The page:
Sen. Markey Re-Introduces Legislation To Stop Sky-High Airlines Fees

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In full transparency, the following is a media release from Sen. Ed Markey, who was elected by voters in the Commonwealth of Massachusetts to serve the state in Washington DC in the US Senate. He is a Democrat. (stock photo)

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WASHINGTON DC – Senator Edward J. Markey (D-Mass.), Senator Richard Blumenthal (D-Conn.), Congressman Steve Cohen (TN-09), and Congressman Jesús “Chuy” García (IL-04) last week reintroduced the Forbidding Airlines from Imposing Ridiculous (FAIR) Fees Act. This bicameral legislation would prohibit airlines from charging fees – including bag, seating, cancellation, and change fees – that are not reasonable and proportional to the costs of the services actually provided.

The bill would also direct the Department of Transportation to review any other fees imposed by airlines, as well as ensure that children can sit together with their family members on flights at no additional charge.

Too often, airlines blindside travelers with exorbitant charges at checkout caused by unexpected fees for basic aviation services. This price gouging has grown exponentially as a business practice over the last decade. In 2019 – the last full year before the coronavirus pandemic disrupted air travel – airlines worldwide collected $109.5 billion in ancillary fee revenue, up nearly fivefold from $22.6 billion in 2010. That same year, U.S. domestic airlines collected $5.8 billion in baggage and $2.8 billion in ticket reservation fees alone.


“As we build back better from the pandemic, it’s time to ground rising airline fees that costs air travelers a pretty penny in the skies,” said Senator Markey. “Airlines should not be able to bilk passengers just because they need to check a couple of bags, or charge an extra fee so parents can sit with their kids. It should not cost more to cancel or change an airline reservation than the original cost of the ticket, period. During this holiday season – when so many are seeing their loved ones for the first time since the public health crisis began – we must finally end this price gouging and return fairness to the skies. That’s why I’m so proud to lead this important consumer protection legislation, and I thank my colleagues for their partnership.”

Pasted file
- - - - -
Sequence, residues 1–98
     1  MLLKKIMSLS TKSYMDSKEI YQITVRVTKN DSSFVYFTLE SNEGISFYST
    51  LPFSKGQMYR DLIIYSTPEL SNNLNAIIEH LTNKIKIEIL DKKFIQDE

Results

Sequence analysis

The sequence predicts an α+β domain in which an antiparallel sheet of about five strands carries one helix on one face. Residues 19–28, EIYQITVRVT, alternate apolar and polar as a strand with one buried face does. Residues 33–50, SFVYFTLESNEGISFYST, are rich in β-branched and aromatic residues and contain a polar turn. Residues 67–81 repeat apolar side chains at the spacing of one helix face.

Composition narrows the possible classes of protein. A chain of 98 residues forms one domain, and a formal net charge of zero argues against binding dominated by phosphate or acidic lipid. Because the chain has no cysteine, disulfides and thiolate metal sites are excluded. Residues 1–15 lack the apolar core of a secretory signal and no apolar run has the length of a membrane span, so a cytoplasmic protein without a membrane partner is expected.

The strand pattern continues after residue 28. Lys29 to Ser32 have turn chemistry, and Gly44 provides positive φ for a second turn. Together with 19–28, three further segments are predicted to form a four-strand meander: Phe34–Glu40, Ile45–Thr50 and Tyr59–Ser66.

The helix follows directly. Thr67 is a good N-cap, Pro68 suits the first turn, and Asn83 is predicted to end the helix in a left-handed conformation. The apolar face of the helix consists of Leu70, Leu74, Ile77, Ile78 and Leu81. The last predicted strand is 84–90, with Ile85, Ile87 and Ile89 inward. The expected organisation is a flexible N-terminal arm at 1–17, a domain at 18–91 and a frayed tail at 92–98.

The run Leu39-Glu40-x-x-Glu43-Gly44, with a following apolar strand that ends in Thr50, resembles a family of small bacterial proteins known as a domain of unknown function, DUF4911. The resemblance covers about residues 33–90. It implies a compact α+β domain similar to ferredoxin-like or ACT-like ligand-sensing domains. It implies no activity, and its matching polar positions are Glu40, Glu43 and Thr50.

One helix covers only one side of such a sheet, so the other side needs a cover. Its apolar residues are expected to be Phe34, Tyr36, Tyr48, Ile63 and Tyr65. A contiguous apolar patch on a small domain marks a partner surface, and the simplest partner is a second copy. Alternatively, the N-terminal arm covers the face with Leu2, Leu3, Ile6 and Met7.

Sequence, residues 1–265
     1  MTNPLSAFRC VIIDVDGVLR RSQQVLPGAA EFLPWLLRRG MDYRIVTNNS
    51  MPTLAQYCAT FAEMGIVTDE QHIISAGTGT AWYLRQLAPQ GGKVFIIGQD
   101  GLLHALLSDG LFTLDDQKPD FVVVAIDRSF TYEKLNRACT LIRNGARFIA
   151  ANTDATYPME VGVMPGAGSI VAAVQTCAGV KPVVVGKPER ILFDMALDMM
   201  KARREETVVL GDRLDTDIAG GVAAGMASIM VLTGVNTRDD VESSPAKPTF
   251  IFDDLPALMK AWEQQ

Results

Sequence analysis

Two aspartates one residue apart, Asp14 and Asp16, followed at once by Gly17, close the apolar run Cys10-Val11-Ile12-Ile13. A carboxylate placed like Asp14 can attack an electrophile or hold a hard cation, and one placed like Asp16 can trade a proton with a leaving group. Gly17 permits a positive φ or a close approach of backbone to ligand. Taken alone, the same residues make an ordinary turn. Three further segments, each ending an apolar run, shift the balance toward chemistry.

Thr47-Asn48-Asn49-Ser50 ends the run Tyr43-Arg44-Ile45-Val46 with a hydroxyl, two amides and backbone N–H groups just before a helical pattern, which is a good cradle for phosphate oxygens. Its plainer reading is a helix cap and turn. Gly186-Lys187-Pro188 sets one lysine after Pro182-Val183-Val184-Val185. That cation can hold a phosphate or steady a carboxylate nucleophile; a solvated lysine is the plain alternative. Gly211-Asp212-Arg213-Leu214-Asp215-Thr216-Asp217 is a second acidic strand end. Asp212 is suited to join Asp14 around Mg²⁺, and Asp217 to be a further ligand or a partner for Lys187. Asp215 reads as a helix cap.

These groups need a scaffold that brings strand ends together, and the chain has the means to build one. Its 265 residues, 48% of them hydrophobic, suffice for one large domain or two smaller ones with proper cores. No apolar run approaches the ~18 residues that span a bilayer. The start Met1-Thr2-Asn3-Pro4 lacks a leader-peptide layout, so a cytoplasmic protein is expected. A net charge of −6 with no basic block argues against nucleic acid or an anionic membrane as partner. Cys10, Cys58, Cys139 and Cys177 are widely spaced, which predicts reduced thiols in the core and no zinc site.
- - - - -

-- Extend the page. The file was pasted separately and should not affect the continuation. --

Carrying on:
“In a holiday season of giving, airlines are again taking—through sky-high fees that must be grounded. This legislation will end astronomic fees levied by airlines,” said Senator Blumenthal. “Every year, airlines pocket tens of billions of dollars by swindling travelers for simply checking bags, changing a reservation, or just selecting their seats. Urgent action is needed to protect consumer pocketbooks from airline price gouging. I’m proud to join my colleagues in this bicameral effort to prevent travelers from being needlessly nickel-and-dimed.”


“All too often, travelers tell me about unreasonable fees for schedule changes or baggage fees that appear out of line with the likely true cost to the airlines for providing the service. It’s past time that we have an objective assessment of those fees with the expectation that they will be reduced or eliminated. The flying public deserves nothing less,” said Representative Cohen. 

“Flying passengers are being price gouged with ever rising baggage and cancellation fees and it’s time we put consumers first. Working class families, especially those from Latino and Black communities, are disproportionately affected, limiting their ability to travel and see their families,” said Representative García. “The flying public deserves better, especially after Congress provided billions of dollars through the Payroll Support Program (PSP) to help airlines and their employees survive the pandemic. The FAIR Fees Act will protect consumers from corporate price gouging and ensure that airlines don’t nickel and dime the American people just to increase their profits.”